One of the mentioned methods includes so-called "Distroless Docker Images", which are images stripped down to the bare essentials to run your application. This method provides enhanced security, optimized size and better maintenance for updates and patches. One disadvantage: Debugging becomes harder. This guide on Medium (members only) shows an example with CI/CD pipelines using Python 3.11, AWS CLI and AWS CDK.

🌀️ Cloud Native

Karpenter is a Kubernetes node lifecycle manager, created by AWS. It is now being donated to the CNCF as part of the Kubernetes Autoscaling Special Interest Group (SIG), including graduation to Beta to provide stable APIs (KubeCon keynote announcement),

For German-speaking readers, I recommend checking out the iX Developer 2023 special "Cloud Native", with practical insights into GitOps, Platform Engineering, DevOps, and Observability. I have contributed two articles about Observability for CI/CD workflows, and Debugging in production with eBPF and chaos engineering (screenshots on LinkedIn, announcement).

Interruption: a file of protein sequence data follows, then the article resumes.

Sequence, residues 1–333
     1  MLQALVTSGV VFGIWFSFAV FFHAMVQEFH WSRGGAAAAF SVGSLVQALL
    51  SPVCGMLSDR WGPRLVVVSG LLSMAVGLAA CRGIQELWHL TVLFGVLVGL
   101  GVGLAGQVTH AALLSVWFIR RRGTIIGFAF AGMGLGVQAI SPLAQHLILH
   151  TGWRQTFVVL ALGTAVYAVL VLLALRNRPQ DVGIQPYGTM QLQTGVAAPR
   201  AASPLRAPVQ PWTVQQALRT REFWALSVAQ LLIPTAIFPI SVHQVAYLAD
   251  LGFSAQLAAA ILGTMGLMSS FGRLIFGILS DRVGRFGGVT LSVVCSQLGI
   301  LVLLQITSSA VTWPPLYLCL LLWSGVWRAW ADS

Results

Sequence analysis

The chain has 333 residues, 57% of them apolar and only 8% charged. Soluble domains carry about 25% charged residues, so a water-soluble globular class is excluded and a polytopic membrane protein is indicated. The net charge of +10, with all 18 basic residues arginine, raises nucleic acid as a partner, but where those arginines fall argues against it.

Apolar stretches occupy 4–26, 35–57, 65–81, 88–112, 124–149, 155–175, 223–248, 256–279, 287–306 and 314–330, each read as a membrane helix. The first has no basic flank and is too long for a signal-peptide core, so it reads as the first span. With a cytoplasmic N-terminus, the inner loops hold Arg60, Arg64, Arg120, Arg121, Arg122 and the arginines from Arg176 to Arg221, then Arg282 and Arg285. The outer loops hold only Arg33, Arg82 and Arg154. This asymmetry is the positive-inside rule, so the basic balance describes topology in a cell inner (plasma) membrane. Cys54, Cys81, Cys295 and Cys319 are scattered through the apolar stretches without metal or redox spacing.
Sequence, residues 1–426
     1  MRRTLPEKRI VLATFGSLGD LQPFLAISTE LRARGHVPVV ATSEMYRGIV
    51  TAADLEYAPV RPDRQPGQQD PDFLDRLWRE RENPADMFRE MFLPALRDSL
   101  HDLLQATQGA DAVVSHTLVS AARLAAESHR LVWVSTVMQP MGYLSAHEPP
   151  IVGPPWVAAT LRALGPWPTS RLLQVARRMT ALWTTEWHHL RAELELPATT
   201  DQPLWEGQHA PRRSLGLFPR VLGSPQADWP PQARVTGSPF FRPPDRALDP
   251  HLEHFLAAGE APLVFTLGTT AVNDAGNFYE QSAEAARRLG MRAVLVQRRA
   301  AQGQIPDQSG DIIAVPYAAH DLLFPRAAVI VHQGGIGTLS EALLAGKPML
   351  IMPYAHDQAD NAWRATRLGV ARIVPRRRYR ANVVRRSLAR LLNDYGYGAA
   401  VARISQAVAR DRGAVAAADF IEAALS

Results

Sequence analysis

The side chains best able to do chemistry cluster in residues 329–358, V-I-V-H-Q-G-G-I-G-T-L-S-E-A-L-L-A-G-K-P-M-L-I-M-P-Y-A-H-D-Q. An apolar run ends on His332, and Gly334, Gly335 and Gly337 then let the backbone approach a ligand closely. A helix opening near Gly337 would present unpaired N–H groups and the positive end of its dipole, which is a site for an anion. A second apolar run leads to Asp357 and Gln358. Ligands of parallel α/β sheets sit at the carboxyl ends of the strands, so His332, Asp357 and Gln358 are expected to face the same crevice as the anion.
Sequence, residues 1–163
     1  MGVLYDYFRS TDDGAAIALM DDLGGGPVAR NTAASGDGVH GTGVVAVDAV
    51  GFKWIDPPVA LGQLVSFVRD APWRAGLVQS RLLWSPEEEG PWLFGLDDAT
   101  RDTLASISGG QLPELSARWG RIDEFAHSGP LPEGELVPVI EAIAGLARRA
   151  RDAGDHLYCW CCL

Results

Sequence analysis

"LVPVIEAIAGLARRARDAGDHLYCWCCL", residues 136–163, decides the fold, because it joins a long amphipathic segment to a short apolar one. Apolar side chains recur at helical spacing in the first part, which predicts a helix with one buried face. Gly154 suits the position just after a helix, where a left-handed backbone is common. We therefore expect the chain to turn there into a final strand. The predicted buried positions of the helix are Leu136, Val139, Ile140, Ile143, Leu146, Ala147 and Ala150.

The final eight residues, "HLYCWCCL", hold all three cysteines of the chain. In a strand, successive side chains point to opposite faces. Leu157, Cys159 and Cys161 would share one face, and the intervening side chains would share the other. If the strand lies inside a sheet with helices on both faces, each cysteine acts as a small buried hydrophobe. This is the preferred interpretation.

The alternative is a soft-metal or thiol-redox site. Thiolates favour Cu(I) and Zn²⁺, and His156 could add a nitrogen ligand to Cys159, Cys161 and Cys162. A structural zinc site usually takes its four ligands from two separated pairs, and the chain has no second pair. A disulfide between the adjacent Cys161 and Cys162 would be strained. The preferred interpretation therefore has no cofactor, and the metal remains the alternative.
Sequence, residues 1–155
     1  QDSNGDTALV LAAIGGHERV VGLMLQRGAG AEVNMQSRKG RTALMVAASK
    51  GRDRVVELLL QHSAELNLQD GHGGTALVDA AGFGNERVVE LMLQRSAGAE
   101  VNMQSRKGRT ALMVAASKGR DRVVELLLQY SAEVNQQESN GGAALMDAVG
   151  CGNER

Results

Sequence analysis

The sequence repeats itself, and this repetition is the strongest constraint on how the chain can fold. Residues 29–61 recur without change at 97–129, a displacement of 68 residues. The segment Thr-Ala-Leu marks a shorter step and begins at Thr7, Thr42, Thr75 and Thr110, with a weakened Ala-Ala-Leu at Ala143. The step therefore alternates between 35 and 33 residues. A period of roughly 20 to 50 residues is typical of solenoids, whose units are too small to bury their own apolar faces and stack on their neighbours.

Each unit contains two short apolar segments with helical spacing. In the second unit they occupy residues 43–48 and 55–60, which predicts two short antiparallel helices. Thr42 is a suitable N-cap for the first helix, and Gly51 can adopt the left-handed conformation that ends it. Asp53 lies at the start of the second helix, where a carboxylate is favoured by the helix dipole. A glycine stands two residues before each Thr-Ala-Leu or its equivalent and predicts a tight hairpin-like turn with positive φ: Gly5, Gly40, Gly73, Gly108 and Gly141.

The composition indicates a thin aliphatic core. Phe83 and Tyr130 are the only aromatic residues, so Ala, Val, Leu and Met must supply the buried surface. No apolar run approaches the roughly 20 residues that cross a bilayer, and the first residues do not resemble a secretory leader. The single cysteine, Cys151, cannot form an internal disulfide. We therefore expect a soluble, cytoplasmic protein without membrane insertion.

Quick notes:

πŸ“š Tools and tips for your daily use

  • systeroid, a more powerful alternative to sysctl(8) with a terminal interface.
  • OtelBin helps visualizing and improving OpenTelemetry collector configurations. Learn more on the dash0 blog.
  • isotope scans AWS services, and provides suggestions on how to improve them using AWS Bedrock (AI).
  • K8GB is a Kubernetes Global Balancer, and CNCF sandbox project.
  • werf is an open-source solution for efficient and consistent software delivery to Kubernetes.
  • Keptn is a cloud-native application lifecycle orchestration.
  • Vanguard is a powerful library for Go net/http servers that enables seamless transcoding between REST and RPC protocols.